Vegetated coastal ecosystems (mangroves, seagrass beds, and salt marshes) contain substantial quantities of “blue carbon” which can be released to the atmosphere when these ecosystems are degraded. For instance, mangroves contain large per-hectare carbon stocks (global stocks approximately 8 Pg C (1 Pg=1015 grams)) but due to their degradation they contribute approximately half the estimated total blue carbon emissions annually (0.24Pg carbon dioxide) (Donato et al., 2012; Pendleton et al., 2012). Indications of the capabilities of mangroves as major carbon sinks are clear, setting them apart from other coastal habitats (Donato et al., 2012). Despite their immense values, mangroves throughout the world continue to be abused, removed and degraded (FAO, 2007). Climate change impacts further threaten the existence of mangroves from the face of the earth (Gilman et al., 2008). Global loss of mangroves from 1980 to 2005 reduced mangrove area by 20% (Spalding et al., 2010). This loss has negatively affected peoples’ livelihoods, particularly communities along the coast who largely depend on mangrove products and services (IUCN, 2006).

Due to the values and the threats to mangroves, it is of interest to know the size of these carbon pools, which could lead to improvements of quantification of the global carbon stock and the sequestration capacity in different mangrove forest types. Also, in creating a baseline, carbon dynamics could determine long-term changes associated with climate change and/or land management in the mangroves (Chmura et al., 2003; Ray et al., 2011). Amid the threat of losing the ecosystem services from mangroves, an opportunity presents itself where avoiding deforestation and conservation of the carbon stocks can offer substantial benefits through climate change mitigation projects.

The present study complements previous work that aimed to determine standing biomass of mangroves of Mwache. By combining below and above ground carbon estimates, results of this study could serve as an important baseline upon which a future carbon off-set project for the area can be based along with providing an opportunity to restore the forest, ease poverty, enhance ecosystem services and also present new arguments for the conservation strategies. The study results also contribute to Kenya’s REDD readiness required to support REDD implementation by providing options for REDD+ activities. The study made use of methodologies detailed in the 2013 supplement to the 2006 IPCC Guidelines for National Greenhouse Gas Inventories: Wetlands. That way, the study may be used to inform the country’s National Inventory Submissions (NIS) to UNFCCC as well as providing country’s options regarding Nationally Appropriate Mitigation Actions (NAMAs).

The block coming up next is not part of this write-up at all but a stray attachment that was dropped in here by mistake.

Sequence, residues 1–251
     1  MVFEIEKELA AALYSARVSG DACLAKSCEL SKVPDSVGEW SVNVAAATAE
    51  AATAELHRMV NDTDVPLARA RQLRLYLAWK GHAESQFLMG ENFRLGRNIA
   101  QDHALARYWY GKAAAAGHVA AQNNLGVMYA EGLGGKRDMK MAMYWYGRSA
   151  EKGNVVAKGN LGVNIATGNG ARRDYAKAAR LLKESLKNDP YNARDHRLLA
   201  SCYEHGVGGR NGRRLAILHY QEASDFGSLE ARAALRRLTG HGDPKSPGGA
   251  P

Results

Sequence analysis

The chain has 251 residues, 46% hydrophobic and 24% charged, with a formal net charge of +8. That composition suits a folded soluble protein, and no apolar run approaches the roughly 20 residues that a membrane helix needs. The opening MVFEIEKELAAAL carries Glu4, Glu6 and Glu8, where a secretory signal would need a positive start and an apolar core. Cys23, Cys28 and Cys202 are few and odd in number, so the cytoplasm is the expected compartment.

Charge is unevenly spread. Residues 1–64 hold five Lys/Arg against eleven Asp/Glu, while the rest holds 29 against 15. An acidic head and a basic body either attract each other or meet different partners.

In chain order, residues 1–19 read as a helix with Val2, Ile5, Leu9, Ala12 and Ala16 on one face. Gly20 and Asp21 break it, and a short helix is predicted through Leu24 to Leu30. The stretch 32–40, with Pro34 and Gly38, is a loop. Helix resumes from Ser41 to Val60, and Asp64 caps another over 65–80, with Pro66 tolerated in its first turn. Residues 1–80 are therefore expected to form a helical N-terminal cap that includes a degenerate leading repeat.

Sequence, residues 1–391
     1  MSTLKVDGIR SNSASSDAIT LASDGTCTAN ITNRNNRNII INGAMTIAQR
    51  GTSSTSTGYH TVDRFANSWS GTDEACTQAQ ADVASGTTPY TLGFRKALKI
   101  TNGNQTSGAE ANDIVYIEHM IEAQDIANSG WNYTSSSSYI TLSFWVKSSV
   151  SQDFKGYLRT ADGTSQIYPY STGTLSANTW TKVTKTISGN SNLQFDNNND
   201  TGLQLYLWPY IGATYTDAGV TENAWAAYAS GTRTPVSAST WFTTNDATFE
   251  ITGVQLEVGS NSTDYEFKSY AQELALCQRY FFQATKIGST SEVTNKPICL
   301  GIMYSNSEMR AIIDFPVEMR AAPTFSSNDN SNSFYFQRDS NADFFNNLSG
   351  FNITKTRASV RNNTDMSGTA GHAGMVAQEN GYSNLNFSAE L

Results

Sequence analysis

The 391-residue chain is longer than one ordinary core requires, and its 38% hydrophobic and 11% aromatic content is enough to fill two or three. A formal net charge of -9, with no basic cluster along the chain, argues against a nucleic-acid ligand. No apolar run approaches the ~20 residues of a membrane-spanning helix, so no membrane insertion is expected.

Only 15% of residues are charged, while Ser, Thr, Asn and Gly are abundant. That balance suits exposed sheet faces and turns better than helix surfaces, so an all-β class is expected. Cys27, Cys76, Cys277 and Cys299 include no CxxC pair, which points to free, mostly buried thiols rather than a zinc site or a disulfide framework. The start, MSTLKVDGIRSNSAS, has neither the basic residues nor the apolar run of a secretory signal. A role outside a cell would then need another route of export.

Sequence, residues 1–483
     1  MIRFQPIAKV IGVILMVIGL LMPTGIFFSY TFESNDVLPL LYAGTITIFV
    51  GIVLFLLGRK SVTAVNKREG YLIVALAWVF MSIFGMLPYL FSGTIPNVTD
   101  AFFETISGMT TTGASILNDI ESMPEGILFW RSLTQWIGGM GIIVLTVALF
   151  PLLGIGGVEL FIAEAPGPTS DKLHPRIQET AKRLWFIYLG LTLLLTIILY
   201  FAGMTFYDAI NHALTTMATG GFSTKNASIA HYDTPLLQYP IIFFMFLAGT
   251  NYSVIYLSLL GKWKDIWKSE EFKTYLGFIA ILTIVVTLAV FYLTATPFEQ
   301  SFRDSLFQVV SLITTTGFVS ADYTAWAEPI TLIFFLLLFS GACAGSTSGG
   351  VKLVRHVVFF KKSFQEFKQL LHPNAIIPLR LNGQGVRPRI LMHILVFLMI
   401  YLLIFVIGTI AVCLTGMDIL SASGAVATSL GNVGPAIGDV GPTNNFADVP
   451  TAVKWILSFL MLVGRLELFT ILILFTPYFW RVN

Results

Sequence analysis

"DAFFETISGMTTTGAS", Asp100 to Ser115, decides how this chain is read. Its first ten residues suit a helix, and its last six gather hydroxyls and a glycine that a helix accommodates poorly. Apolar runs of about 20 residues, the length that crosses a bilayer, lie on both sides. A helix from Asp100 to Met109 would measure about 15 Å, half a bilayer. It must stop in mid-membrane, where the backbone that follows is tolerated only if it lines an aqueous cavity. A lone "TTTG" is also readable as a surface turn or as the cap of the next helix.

Due to the absence of site and species-specific allometric equations on mangroves of Kenya, generic allometric equations developed in Asia were applied in deriving above and below ground biomass. Specific wood densities developed for the mangrove in Zambezi Delta,

Mozambique (Bosire et al., 2012) were used in the general formulae assuming similarities of the mangroves in the Western Indian Ocean region.

Scope of the study
The study was carried out in the mangrove forest of Mwache Creek. The area was chosen considering its geographical location and pressures; being a peri-urban forest where human disturbances are considerably higher compared to other remotely situated forests, and having been negatively impacted by extreme events (El nino). The forest was categorized into five sites depending on structure and location; KPA, Bonje, Mwakuzimu, Mashazani and Ngare. KPA represented islands within the creek which have resulted from accretion. KPA has young over- wash forest of Sonneratia alba. Given their location, the islands were less degraded compared to the rest of the sites. Mwakuzimu and Ngare were moderately impacted sites of mixed species stands while Mashazani and Bonje were highly impacted sites. Field sampling was done for a period of two months while laboratory analysis was carried out for a period of three months.

Limitations of the study
During the study duration, a number of limitations were encountered. There was lack of past data and a detailed vegetation map of the area that would have enabled precise temporal comparison in the biomass and carbon stock dynamics. There was also lack of an elemental analyzer for the carbon analysis which necessitated the use of a semi-quantitative method (colorimetric method) in deriving the conversion factor from organic matter to organic carbon. The absence of local factors also necessitated the adoption of specific wood densities from Mozambique, generic allometric equations from the Americas and Asia, and wood carbon concentrations from Mexico.